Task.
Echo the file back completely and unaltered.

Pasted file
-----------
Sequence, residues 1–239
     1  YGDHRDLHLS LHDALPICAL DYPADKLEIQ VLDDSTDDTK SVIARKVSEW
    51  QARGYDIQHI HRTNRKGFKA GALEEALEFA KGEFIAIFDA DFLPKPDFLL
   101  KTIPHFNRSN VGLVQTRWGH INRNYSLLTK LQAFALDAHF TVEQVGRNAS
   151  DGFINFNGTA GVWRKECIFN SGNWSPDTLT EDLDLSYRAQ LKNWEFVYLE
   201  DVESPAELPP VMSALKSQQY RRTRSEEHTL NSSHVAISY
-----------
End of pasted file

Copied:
Sequence, residues 1–239
     1  YGDHRDLHLS LHDALPICAL DYPADKLEIQ VLDDSTDDTK SVIARKVSEW
    51  QARGYDIQHI HRTNRKGFKA GALEEALEFA KGEFIAIFDA DFLPKPDFLL
   101  KTIPHFNRSN VGLVQTRWGH INRNYSLLTK LQAFALDAHF TVEQVGRNAS
   151  DGFINFNGTA GVWRKECIFN SGNWSPDTLT EDLDLSYRAQ LKNWEFVYLE
   201  DVESPAELPP VMSALKSQQY RRTRSEEHTL NSSHVAISY